From: Asmus Freytag (email@example.com)
Date: Sat Mar 19 2005 - 14:12:12 CST
At 01:42 AM 3/19/2005, Ahmad Gharbeia wrote:
>While the mentioned letters' names in their current incorrect state
>reflect the colloquial pronunciation in Egypt, where I am from, they
>are not the canonical, globally understood letter names and are
Presumably, the reason we have the current form of the names is
due to contributors from Egypt in the very early work of encoding
characters. Because of the merger of efforts between ISO and the
Unicode Consortium on character encoding, character names for
the Unicode Standard match the names used in ISO/IEC 10646. That
standard in turn intentionally matches the names used in 8-bit
character set standards, such as ISO/IEC 8859.
The names used for Arabic characters in Unicode therefore ultimately
have a heritage that can be traced back several decades. It is ironic
that early drafts of the Unicode Standard indeed used the names that
>While the proposed corrections do not aim to
>precisely transcribe the sounds of the letters, they are simple to
>implement and would result in identifiable names of the letters.
The purpose of the names in the Unicode Standard is twofold. On the one
hand we desire them to be descriptive so that they can be used as a
convenient handle for the character in discussions and descriptions,
or help users identify them in a list of characters.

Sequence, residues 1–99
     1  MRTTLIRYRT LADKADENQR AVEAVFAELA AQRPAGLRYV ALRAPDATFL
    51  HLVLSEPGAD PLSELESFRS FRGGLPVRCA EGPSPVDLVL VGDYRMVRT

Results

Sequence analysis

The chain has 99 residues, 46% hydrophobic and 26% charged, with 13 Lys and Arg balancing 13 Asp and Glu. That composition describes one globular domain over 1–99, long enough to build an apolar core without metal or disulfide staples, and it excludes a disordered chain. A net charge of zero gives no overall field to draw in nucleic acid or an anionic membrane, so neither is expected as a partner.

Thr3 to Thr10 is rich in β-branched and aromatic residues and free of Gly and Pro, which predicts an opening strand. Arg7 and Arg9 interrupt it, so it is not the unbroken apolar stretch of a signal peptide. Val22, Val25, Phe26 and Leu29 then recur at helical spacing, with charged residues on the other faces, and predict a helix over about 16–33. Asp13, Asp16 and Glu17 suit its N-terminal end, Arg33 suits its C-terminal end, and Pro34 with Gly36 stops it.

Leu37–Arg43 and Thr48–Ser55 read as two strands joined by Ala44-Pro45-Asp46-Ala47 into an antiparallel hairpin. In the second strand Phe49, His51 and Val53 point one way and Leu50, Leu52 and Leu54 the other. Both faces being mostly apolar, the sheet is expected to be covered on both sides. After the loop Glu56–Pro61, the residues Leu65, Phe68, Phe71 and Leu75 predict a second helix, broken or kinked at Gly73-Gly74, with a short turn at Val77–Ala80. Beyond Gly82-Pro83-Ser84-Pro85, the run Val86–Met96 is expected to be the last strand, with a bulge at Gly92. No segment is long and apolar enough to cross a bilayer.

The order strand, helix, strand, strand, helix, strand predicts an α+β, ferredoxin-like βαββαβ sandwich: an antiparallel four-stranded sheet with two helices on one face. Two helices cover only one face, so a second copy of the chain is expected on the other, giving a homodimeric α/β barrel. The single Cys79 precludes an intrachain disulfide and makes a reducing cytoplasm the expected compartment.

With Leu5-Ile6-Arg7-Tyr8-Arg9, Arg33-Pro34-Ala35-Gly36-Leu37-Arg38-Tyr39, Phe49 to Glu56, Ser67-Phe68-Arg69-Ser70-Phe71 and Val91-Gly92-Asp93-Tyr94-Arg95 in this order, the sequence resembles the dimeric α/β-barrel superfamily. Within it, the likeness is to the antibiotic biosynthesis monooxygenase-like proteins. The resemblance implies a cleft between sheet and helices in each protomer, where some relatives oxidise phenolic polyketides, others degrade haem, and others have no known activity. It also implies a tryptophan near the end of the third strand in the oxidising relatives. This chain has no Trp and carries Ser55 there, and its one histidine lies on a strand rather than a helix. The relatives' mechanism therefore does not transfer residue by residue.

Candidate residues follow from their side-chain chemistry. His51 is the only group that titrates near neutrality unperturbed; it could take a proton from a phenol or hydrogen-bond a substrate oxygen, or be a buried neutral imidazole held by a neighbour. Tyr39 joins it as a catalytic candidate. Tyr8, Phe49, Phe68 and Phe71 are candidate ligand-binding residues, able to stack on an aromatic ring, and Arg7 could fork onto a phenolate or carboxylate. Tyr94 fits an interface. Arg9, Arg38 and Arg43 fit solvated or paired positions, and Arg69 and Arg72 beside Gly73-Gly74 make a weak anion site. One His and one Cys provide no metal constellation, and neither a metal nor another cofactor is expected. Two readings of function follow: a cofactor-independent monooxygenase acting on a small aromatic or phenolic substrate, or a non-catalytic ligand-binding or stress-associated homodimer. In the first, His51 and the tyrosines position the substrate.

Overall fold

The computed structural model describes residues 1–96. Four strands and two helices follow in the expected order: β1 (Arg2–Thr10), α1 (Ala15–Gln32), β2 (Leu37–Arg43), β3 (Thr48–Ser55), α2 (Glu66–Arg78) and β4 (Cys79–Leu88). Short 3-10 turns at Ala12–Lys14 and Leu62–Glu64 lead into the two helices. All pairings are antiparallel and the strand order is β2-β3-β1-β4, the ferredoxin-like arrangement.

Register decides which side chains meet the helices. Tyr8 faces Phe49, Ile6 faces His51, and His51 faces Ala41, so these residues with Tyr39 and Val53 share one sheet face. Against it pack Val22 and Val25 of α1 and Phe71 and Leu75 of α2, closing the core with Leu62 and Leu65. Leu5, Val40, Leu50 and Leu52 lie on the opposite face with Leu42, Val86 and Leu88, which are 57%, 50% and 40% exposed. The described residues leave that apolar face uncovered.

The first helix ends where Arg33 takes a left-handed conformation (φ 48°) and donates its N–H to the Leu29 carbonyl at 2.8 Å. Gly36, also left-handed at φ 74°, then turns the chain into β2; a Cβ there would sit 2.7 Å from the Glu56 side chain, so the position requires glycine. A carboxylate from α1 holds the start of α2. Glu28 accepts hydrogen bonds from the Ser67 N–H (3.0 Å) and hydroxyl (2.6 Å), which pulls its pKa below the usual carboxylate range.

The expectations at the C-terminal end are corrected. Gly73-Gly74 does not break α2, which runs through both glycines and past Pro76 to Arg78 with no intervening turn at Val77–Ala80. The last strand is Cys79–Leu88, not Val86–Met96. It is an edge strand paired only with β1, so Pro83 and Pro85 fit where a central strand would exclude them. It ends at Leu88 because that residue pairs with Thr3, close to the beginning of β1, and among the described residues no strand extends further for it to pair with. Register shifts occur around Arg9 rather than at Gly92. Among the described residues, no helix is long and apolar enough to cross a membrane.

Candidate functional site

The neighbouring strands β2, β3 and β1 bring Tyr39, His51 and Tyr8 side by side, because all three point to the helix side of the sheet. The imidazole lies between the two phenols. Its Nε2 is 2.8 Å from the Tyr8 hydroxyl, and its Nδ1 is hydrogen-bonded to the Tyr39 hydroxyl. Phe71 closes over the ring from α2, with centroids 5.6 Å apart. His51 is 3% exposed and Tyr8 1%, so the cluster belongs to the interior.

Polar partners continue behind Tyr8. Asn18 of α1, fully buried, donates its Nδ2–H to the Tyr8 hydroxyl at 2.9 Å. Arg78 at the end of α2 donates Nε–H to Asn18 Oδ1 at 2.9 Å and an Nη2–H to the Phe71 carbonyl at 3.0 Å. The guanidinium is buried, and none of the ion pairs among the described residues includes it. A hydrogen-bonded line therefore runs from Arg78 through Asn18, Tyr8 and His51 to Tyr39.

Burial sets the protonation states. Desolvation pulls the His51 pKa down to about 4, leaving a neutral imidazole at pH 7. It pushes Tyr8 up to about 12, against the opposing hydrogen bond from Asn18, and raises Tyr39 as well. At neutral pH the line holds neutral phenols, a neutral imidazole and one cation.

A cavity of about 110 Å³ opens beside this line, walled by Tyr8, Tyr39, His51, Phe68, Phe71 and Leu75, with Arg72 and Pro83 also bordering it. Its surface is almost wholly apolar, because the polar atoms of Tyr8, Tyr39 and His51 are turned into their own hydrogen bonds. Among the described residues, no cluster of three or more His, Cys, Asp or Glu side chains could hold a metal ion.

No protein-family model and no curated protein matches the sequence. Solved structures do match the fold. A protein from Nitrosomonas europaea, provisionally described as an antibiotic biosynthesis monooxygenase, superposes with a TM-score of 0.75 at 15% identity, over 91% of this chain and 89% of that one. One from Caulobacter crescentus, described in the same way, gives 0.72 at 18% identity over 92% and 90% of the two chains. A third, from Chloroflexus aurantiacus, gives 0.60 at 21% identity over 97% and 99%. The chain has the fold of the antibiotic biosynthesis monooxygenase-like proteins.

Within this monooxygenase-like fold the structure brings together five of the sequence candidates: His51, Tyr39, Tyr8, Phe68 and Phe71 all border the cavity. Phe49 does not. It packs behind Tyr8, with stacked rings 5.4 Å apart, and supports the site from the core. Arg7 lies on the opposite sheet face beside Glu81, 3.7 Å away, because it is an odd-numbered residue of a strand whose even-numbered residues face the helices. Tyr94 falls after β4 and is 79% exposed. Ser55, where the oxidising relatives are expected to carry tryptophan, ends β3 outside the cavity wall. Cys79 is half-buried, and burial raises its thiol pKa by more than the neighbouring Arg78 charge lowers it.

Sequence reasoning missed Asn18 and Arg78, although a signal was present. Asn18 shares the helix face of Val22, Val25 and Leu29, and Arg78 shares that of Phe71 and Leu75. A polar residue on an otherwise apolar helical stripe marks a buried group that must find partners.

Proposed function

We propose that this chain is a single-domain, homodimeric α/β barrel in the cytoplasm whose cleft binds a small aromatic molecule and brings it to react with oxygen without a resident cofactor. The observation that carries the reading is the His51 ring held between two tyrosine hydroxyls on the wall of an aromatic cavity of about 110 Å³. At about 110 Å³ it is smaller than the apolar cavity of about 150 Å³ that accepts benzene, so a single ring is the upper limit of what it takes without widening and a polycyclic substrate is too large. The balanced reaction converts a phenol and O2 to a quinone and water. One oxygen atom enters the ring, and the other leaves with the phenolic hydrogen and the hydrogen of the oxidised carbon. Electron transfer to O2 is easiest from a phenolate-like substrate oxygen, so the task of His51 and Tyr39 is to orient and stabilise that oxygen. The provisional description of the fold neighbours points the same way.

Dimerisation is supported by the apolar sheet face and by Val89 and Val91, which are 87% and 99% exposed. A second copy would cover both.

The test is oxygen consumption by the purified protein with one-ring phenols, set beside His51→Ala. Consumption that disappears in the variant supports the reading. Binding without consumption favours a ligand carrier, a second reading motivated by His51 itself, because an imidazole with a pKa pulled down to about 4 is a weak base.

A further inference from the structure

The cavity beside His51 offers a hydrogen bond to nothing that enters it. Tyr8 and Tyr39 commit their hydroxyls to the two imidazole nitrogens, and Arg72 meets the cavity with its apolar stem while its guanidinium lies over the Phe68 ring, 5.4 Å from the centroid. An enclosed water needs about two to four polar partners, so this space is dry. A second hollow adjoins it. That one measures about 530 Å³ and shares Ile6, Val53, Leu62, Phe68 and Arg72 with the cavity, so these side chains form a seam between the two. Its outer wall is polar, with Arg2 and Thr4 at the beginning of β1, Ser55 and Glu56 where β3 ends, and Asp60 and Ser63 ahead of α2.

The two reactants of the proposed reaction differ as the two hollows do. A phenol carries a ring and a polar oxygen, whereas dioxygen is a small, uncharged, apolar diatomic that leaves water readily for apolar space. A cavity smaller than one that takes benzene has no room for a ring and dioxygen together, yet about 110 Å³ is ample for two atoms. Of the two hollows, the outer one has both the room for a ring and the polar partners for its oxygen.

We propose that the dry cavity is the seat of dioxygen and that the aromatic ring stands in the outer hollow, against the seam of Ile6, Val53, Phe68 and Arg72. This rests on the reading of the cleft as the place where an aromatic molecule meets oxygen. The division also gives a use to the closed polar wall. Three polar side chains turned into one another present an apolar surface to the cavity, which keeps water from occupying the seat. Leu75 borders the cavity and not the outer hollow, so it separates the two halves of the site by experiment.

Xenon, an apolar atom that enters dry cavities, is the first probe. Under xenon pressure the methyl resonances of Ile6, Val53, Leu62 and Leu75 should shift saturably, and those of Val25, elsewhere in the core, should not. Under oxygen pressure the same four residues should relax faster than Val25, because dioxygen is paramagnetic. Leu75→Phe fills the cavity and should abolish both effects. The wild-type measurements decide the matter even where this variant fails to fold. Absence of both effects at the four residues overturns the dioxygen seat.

On the other hand, they are intended to serve a formal identifiers,
just as scientific names for plants and animals. This is especially
important for characters that are also part of other ISO standards,
where they have different code numbers, but the same name.
As a required for this second use, names, once assigned, cannot be
changed, even to the limit of preserving a typo, as in the name for
U+1D0C5, or in preserving the name of U+2118, which describes something
different from what the character actually is.
>Although it is unlikely that this heritage of earlier encodings can
>be modified now, this should be noted, however.
An annotation or comment to the effect that the names represent
a less than universal transliteration is always possible.
>Finally, the order of Arabic letters as defined in the current version
>of Unicode, known as the Hegaa'i order, is a relatively newer order
>where letters are sorted according to their shape proximity, and is
>not the original Abgadi order, which matches the (ABC) ordering of all
>alphabets derived from the original Ugaritic alphabet.
That is something that might be noted as well. There are other scripts
for which the basic alphabet has more than one possible order. As the
ordering affects primarily the users of the printed code charts trying
to locate a character, picking a more modern ordering seems to be
As Doug Ewell already wrote, the ordering of *data* is of course not
driven by the arrangement of characters in the code table, but I think
you were not implying that.
more modern arr
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